One of the great family-friendly activities of the winter will soon be upon us: the Great Backyard Bird Count (GBBC), which this year runs from Friday, 12 February, to Monday, 15 February. The brain child of the Cornell Lab of Ornithology, this four-day long bird watching event is one of the easiest citizen science projects out there. Anyone, regardless of age or birding ability, can participate.
Citizen science programs have a long history at the Lab of Ornithology. Back in the mid-‘90s, I signed on to do my part for their wood thrush and golden-winged warbler projects. Those projects were quite involved, requiring participants to get aerial photographs of their research areas, determine acreage of irregularly shaped plots, measure the distance to the nearest water and roads…and this was all before setting out to look for signs of the actual birds.
The GBBC, on the other hand, is very easy and user-friendly. All you have to do is look for birds in your backyard. You can do this for as little as fifteen minutes, or for as long as your interest holds. You can do it for one day of the weekend, or record observations for all four days. You can watch for birds at each of your bird feeding stations (do you have more than one?), or you can choose to observe the visitors to just one tree or shrub. As for me, I will probably spend some time watching each of my stations (I have two, with a total of about twelve feeders), as well as the feeders at work.
Maybe you are unsure about participating because you don’t know a black-capped chickadee from a black-backed woodpecker. Not to worry. You can go on-line to www.birsource.org/gbbc/ and check out their simple bird ID pages. You can also print out a checklist for the most common birds in your region, which will help narrow down your options. For example, it is highly unlikely that a flock of northern parulas will be buzzing through any Adirondack backyard in February, so you won’t have to worry about telling one warbler from another.
One of the important aspects of your observations is recording the numbers of each species you see. This can be tricky, so the Lab has put together a really simple rule to help you out. Let’s say you decide to record the birds you see between 10:00 and 10:30 AM. You see two goldfinches at 10:01. At 10:15 you see twelve. At 10:17 there are 32. By 10:30 they have all flown away. How many goldfinches do you record? Thirty-two. In other words, to eliminate the possibility of counting the same bird(s) more than once, you only report the greatest number you saw at any one time.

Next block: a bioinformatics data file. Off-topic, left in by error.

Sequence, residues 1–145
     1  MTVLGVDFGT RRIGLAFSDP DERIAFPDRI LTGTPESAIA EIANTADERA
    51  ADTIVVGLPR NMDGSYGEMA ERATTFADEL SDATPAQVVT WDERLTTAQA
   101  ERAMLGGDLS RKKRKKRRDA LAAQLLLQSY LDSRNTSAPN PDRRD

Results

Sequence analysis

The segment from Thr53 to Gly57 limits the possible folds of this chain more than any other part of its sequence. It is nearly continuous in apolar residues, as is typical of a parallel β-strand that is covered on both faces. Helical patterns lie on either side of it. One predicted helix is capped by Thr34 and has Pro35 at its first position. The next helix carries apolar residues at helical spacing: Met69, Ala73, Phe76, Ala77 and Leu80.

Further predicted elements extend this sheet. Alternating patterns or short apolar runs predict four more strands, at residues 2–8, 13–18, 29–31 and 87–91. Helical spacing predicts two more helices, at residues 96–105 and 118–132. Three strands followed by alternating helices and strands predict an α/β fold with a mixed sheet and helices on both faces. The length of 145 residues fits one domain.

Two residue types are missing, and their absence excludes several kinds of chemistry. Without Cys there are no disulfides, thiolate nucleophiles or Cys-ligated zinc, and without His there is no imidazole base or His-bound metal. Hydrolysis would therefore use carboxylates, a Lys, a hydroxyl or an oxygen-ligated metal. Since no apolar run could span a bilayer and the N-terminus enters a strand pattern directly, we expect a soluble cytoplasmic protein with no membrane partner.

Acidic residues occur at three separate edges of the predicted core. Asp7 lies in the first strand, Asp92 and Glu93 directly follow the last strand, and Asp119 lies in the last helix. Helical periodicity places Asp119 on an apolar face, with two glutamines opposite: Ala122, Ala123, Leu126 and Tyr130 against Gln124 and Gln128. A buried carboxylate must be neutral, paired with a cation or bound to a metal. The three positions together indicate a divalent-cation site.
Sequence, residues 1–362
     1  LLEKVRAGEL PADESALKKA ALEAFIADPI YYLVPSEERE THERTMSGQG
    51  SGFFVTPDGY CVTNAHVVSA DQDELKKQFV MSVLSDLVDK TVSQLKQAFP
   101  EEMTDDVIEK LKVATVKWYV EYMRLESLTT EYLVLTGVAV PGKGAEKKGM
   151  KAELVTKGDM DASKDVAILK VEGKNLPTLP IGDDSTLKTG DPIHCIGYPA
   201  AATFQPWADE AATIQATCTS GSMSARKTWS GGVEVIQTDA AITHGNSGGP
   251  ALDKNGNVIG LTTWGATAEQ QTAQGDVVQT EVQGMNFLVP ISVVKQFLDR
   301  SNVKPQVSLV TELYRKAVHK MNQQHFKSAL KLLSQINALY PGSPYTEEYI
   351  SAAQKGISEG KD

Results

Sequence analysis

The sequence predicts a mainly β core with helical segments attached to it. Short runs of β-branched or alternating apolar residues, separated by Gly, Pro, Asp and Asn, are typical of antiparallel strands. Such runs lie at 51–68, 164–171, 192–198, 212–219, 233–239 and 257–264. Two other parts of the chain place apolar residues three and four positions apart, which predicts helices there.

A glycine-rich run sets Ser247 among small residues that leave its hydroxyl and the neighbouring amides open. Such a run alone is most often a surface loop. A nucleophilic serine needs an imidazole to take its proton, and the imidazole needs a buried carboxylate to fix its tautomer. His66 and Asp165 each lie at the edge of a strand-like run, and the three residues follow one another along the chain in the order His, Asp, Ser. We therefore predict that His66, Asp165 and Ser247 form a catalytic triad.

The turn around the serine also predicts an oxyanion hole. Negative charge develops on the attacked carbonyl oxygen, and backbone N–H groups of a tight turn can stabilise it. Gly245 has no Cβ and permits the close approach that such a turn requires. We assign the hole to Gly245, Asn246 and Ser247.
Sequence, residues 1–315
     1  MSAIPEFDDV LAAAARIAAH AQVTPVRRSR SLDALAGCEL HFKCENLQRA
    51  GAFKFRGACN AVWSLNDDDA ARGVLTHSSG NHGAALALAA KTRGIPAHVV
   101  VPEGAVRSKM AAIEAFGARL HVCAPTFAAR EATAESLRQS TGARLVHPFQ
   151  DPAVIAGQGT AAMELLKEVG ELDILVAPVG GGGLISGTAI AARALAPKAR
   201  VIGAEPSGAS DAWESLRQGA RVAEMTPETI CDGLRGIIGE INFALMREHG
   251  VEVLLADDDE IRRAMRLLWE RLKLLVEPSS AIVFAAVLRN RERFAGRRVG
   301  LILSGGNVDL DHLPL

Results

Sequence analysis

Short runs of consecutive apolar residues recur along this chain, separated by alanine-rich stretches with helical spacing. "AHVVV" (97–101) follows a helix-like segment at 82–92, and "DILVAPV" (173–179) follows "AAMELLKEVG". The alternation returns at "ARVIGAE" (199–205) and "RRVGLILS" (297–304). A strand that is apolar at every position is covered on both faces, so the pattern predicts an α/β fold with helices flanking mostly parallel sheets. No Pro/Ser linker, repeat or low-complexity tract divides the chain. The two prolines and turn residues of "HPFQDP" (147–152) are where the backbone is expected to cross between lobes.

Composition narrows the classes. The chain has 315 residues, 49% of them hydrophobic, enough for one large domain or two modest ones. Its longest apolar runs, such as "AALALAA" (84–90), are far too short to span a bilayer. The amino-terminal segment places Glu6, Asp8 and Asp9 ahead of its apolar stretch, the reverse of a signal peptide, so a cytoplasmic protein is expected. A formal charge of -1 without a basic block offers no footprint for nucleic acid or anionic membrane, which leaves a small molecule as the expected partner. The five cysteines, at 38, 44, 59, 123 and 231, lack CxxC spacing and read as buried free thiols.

Counting large numbers of birds can be a bit of a challenge. Some birders are very good at estimating how many are in a flock; others are not. I read an article once that said that it is easy for humans to eyeball numbers in pairs, threes, and fours. Fives get a bit harder, and anything above five is nearly impossible. So, if you can fix in your mind what five birds look like, then you can guesstimate how many of those fives you see in the flock as it shuffles and flits about. Good luck.
You will want to keep track of your sightings on a piece of paper, and when you are ready, simply go to your computer and pull up the GBBC website (see link above). Open the tab labeled “Submit Your Checklist” and follow the easy directions for reporting your observations. Afterwards, you can “Explore the Results” to see what birds other people found. Are you wondering where all the pine siskins are this year? Here’s a good way to find out. The genuinely curious can check out the results from past years as well.
The website is chock full of all sorts of interesting bird information. There is a whole series of activities just for kids, and there’s even a page dedicated to educators. For those who enjoy looking at really great bird photographs, there’s a gallery of photos taken by past GBBC participants. My favorite is a really funny photo of a very soggy orange-crowned warbler caught in the act of taking a bath.
This year marks the thirteenth anniversary of the GBBC. If you haven’t participated in the past, I hope you will take up the challenge and participate this year. Not only is it a great way to spend time with your family and feathered friends, but it also helps provide a snapshot of where the birds are across North America, a practice that has turned up some interesting trends in population shifts and declines.
And if being a good Samaritan isn’t enough of an incentive to get you to participate, check out the list of prizes the Lab is giving away. There are plush birds that chirp when you squeeze them, assorted feeders (you can never have too many), a bird camera (takes photos for you while you stay toasty warm inside), field guides, and much, much more. So, dust off your field guide, set a comfortable chair by the window, have your beverage-of-choice close at hand, and get ready to count.